Xbox One, PS4, PC, Nintendo Switch
August 15, 2018
Does a game need gameplay? I found myself asking this question as I played through German developer Daedalic’s State of Mind. State of Mind is a unique narrative-driven cyberpunk experience that leans a lot harder on its story and characters than its interactivity. It is a memorable tale about family, nestled in a larger narrative about artificial intelligence and transhumanism. However the way it is presented may not be everyone’s cup of tea.
State of Mind’s story largely follows Richard Nolan, a journalist in 2048 Berlin. Richard’s wife and son have disappeared after he awoke from a car accident. Whilst Richard searches for his family, we’re also introduced to Adam Newman, another journalist in a virtual paradise called City5. Eventually, both men end up in the centre of a sinister conspiracy involving brain uploading and artificial intelligence. The English voice cast is mostly excellent, with Doug Cockle (who also played Geralt of Rivia in the Witcher video games) bringing a grizzled determination to the character of Richard.
“The dark and realistic future Berlin is contrasted strikingly with the more vibrant and abstract City5.”
A unique aspect of State of Mind is the visual presentation. The setting has a deliberately jagged and low-poly look to it, with the characters themselves looking as though they are made of origami. It took me some time to adjust to the strange-looking characters, but it definitely grew on me. The game’s overall visual direction is very strong. The dark and realistic future Berlin is contrasted strikingly with the more vibrant and abstract City5.
Another aspect of the game’s fiction is how the characters have artificial reality implants, allowing them to see holographic messages. This means that most objects can be scanned and show descriptions in a holographic pop-up. It was a clever little way to flesh out the setting without having the characters inorganically talk to themselves to describe things around them.
The visuals and voice acting also made it easier to forgive the somewhat stiff and awkward character models.
The game boasts some action-packed cutscenes. However, most of the dialogue scenes involve two characters standing still whilst talking, and occasionally moving their hands around a bit. It rarely comes across as particularly natural, especially considering how much of the game involves watching two or more characters talking.
“The problem isn’t that there is a lot of dialogue, but rather that so little of it is actually impacted by the player.”
Now we’re somewhat approaching the root of the issue, in that State of Mind is a rather passive experience. The problem isn’t that there is a lot of dialogue, but rather that so little of it is actually impacted by the player.
The game does occasionally ask the player to decide how Richard or Adam responds to something. However, it rarely changes anything outside of that specific scene.
You never have to worry about what characters think of you, or how your choices will impact future events. The game does eventually give you choices with story-altering consequences, but only in the last chapter or so. Thus, for most of the game, it felt as though I was watching a lot more than I was playing.
The main reason it bothers me is how I feel it could have improved the experience. Other games, like the Deus Ex series and the recently released Detroit: Become Human, explore similar themes. However, unlike State of Mind, they allow the player to express opinions on transhumanism and technology through in-game actions, and maintain a sense of engagement when those actions have consequences.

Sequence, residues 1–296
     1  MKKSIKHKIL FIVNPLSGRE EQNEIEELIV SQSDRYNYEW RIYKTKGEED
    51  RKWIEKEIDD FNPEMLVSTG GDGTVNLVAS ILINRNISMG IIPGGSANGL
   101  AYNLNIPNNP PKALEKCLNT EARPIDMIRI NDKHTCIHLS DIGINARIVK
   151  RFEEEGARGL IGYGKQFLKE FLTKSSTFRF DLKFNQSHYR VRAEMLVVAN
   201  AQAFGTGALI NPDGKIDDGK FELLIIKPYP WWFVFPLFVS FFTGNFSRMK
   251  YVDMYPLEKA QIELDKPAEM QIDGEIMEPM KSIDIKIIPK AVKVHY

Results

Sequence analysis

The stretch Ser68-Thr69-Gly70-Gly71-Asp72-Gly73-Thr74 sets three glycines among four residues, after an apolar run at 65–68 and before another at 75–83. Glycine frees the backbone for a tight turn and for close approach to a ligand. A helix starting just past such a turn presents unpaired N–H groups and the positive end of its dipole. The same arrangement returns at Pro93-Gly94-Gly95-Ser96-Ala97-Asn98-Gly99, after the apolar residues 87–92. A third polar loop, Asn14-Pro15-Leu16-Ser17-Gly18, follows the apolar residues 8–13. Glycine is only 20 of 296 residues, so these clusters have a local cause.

Richard does not come across as particularly concerned about most of the events occurring, except for how they impact his missing family. He and Adam do eventually get to help decide the course of world-altering technology. However, it would have been better to have placed more of those consequential choices throughout the game.
Furthermore, this means that the game lacks replay value compared with other narrative-based games. The story will play out much the same way every playthrough, so there may not be much incentive to return.
The plot is occasionally paused to give the player puzzles to complete. These can involve piecing together a scene, assembling pieces of evidence, or flying a drone around to scan things. Whilst I appreciated these chances to be more involved in the game, they were generally quite simple and brief.
The game ramps up the variety in the puzzles in the last chapter, with more complex challenges. I wish the rest of the game had leaned harder on those kinds of puzzles, as it was where I felt the struggle that the characters were undergoing.
I liked how the story always maintains a personal focus. State of Mind deals with some heavy technological themes, involving transhumanism, virtual reality and the fate of humanity itself. That said, it never distracts from Richard’s personal quest to save his family and redeem himself as a father and husband.
Some may have liked more of a focus on the technological aspects of the setting. However, I felt that focusing the story around Richard’s struggle for his family gave the story some necessary personal stakes.
- Unique and striking visual design
- Interesting cyberpunk premise and themes
- Solid performances
- Character models can be limited and stiff
- Overall lack of interactivity
- Lack of replay value
State of Mind certainly tells an interesting story, and I would be interested in diving into that world again. However, after playing through the roughly 15-hour game, I don’t really know if it can be recommended on the strength of its interactivity.
State of Mind’s plot is certainly engrossing, particularly as the stakes ramp up in the latter chapters. However, if you prefer narrative-based games to be more centred around player decisions, State of Mind may not be for you.